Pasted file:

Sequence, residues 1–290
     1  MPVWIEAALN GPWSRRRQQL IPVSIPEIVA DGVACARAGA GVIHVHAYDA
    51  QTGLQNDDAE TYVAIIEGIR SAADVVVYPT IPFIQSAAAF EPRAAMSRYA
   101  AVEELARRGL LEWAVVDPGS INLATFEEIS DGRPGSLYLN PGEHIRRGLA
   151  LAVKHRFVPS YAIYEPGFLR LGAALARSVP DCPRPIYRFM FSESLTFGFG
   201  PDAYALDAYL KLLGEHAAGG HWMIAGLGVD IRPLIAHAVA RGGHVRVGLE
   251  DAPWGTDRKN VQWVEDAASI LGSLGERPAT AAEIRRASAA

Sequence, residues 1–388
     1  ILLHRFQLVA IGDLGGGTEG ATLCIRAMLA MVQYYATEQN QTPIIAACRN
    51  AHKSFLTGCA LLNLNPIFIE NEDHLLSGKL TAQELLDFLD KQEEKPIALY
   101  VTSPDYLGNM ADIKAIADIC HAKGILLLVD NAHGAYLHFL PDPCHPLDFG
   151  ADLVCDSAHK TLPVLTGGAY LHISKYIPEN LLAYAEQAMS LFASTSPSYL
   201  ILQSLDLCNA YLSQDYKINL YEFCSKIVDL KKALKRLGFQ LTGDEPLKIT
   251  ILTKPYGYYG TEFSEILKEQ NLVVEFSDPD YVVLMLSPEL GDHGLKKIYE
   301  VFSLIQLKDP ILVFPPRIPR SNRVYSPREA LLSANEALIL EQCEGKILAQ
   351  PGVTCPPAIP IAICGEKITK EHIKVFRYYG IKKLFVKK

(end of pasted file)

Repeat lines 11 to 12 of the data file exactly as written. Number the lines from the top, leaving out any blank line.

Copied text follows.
   101  VTSPDYLGNM ADIKAIADIC HAKGILLLVD NAHGAYLHFL PDPCHPLDFG
   151  ADLVCDSAHK TLPVLTGGAY LHISKYIPEN LLAYAEQAMS LFASTSPSYL